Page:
On 3 November, McDonald’s Corporation fired its president and chief executive officer Steve Easterbrook for having a consensual relationship with a fellow employee. In classic corporate speak, the brand announced Easterbrook had “separated from the company” following its board’s view he had “violated company policy and demonstrated poor judgment.”
The severance package is likely to be eye-watering. Bloomberg estimates Easterbrook, will leave the company with more than $37m, (the bulk of which will include previously granted shares). Easterbrook, who had been CEO since 2015, was highly regarded and high performing. During his tenure the company’s share value more than doubled, while he also led McDonald’s successfully through some seismic changes – expanding food delivery and mobile payment options and championing the brand’s adherence to better quality and more ethically sourced produce.
But the wider ethical concerns of employee conduct, particularly those of such a senior executive, saw McDonald’s – which has longstanding rules against conflicts of interest – having to take action and ‘walk it like they talk it’ when it came to parting company with its CEO. “Given the values of the company, I agree with the board that it is time for me to move on,” Easterbrook said in a statement to employees.
“Brands can only rest their reputations on executing to the standards they claim to be pillars of their culture and brand promises,” says foodservice consultant Karen Malody FCSI, principal of Culinary Options, LLC.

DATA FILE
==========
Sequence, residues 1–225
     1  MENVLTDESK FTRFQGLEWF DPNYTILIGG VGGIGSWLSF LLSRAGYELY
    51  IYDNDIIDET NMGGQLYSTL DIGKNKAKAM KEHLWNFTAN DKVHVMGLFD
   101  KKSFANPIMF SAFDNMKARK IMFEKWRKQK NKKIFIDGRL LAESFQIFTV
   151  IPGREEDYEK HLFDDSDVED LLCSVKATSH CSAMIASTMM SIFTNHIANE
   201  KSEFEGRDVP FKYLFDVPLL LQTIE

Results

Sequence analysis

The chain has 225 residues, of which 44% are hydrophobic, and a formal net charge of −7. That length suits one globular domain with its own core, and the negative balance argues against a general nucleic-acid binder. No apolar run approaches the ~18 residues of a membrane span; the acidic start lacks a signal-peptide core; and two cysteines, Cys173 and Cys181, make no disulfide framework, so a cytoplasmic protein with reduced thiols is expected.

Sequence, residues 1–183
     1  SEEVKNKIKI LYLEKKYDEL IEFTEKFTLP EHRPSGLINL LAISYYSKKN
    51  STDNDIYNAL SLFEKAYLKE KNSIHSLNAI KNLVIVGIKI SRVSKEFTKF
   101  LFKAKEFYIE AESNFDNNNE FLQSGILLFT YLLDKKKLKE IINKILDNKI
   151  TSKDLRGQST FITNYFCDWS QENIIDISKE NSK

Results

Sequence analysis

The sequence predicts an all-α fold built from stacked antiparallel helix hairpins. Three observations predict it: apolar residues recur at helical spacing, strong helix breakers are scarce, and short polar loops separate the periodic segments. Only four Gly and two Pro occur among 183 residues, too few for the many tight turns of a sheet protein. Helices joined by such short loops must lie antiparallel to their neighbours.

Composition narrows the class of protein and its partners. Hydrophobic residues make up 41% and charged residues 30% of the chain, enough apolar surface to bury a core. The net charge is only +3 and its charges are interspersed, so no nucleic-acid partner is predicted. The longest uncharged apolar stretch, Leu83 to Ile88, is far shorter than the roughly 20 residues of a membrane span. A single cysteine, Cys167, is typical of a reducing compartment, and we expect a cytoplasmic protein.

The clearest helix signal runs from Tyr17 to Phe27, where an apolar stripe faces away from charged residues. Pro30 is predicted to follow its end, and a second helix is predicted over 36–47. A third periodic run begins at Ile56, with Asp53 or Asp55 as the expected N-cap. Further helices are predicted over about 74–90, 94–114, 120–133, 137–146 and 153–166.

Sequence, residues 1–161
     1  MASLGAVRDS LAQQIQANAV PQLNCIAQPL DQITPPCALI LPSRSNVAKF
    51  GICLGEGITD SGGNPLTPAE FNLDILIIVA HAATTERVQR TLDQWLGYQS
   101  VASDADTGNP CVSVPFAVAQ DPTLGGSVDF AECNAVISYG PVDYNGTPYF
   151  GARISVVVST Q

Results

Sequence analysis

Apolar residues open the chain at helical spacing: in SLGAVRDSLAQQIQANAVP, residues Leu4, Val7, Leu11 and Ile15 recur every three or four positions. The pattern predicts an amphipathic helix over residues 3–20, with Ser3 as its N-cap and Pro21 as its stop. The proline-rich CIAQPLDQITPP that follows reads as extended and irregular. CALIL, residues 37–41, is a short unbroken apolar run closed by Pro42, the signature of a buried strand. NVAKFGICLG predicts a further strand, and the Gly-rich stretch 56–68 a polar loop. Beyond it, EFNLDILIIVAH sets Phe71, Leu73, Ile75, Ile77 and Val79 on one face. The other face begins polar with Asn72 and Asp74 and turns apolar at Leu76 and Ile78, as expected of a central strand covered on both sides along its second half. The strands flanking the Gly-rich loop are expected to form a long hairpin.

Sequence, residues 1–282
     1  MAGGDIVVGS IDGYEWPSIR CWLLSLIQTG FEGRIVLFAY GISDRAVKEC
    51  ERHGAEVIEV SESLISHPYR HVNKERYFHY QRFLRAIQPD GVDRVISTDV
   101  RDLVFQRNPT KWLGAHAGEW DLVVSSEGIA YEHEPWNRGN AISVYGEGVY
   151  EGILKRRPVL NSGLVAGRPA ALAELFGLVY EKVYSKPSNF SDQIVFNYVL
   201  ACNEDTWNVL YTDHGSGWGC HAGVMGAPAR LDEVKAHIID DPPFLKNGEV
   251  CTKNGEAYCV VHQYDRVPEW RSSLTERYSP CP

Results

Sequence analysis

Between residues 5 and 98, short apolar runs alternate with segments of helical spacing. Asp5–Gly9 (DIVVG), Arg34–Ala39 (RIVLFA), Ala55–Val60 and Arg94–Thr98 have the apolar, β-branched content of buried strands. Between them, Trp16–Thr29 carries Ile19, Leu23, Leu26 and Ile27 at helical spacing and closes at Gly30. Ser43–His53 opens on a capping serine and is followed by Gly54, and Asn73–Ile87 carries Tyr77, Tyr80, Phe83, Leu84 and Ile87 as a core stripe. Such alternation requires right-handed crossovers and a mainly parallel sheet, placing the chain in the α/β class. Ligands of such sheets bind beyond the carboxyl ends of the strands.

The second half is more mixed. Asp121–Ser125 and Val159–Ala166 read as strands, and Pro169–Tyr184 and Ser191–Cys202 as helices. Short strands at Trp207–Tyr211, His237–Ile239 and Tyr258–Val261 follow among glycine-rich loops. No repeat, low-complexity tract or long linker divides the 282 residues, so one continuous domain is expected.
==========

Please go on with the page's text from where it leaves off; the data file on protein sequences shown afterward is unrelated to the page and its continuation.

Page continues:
“Values-based companies are highly valued and can only continue to be respected if they execute to their cultural mores. In a time of transparency and authenticity being so highly valued, an entire brand reputation could be compromised if they do not hold their own to the highest standards possible. By removing Mr. Easterbrook from his position, McDonald’s has made a critical public statement that they aren’t messing around with what they hold dear – and that no one is off the hook from adhering to those standards,” she says.
“Any foodservice organisation is as strong as their entry level workers. In the case of McDonald’s, with a huge preponderance of workers being entry level teenagers and Millennials, the political blowback of any issue like this, with the MeToo movement still accelerating, is huge,” says US-based consultant Bill Main FCSI, principal of Bill Main & Associates. “McDonald’s made the right decision to eliminate this executive as a sacrificial lamb; to set a tone. Early damage control, irrespective of the facts, is essential. The HR ramifications of this incident are frightening.”